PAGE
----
As a website site owner, you first need to publish a detailed policy on which personal data points you’re using, how they are being processed and stored.

Next, you need to have a setup to provide users with a copy of their data. This is perhaps the most challenging part of the process. However, we can assume that when the time comes, most plugin developers or tool developers – for the tools and plugins that you have on your site – will have already come forward with their solutions to this.

It is still advised, however, to have a system in place to derive the required data out of your database.

Further, it may be wise to avoid data storage altogether in some instances. For instance, contact forms could be set up to directly forward all communication to your email address instead of storing them anywhere on the web server.

(c) Use of plugins or tools – implications of GDPR compliance

Any plugin or tool that you use will also need to comply with the GDPR rules. As a site owner, it is still your responsibility, though, to make sure that every plugin can export/provide/erase user data it collects in compliance with the GDPR rules.

This can still mean some tough times for some of the most popular plugins out there. For instance, solutions like Gravity Forms have a lot of modules that collect user data by nature. How are those tools going to comply with the GDPR accurately?

For plugins too, the same rules apply, although they must be approached from the website owner. Each plugin needs to establish a data flow and inform about the processing of personal data. If you are the developer of a plugin, consider providing users of your plugin an addendum that they may add to their website’s terms to make them GDPR compliant. Gravity Forms, for instance, needs to let the user know how personal data being filled in a contact form is going to be published, and an option to get it removed, if necessary.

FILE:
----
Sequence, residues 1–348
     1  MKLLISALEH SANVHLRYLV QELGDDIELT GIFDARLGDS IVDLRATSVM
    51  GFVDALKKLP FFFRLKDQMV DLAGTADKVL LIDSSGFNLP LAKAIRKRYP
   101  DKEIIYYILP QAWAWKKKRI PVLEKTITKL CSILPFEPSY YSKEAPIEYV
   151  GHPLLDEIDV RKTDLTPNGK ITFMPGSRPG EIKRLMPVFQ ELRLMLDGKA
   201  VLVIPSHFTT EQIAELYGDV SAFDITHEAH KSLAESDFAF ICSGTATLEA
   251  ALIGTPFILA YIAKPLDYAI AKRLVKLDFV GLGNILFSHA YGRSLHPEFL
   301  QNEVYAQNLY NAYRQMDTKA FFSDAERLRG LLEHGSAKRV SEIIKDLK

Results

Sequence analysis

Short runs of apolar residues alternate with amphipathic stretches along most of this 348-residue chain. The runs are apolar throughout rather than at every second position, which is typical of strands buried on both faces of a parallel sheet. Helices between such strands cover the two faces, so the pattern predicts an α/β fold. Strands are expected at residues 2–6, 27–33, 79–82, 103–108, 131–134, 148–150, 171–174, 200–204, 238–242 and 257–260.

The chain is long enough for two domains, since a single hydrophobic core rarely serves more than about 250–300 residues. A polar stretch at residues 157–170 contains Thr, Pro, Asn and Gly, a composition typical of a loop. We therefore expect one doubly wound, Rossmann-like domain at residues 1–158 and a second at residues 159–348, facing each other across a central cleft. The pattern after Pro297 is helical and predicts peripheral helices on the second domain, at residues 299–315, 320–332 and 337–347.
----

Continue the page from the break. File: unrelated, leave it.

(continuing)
Also, some tools that sit seemingly outside of your website will see the impact of this too. Take, email marketing tools, for example. It’s a common practice to have those integrated with your site and to send promotional emails based on a list of email addresses. Depending on how you run your newsletters/lists, those addresses might not have been obtained by getting explicit consent from users.

For instance, a checkbox that’s selected by default would count as a violation. Under the GDPR, everything that’s part of your online presence as a business will need to collect consent and have a privacy policy in place explicitly. There are other implications too – if you wish to buy a mailing list, you would be sending emails illegally to the recipients, since no one explicitly asked to receive emails from you.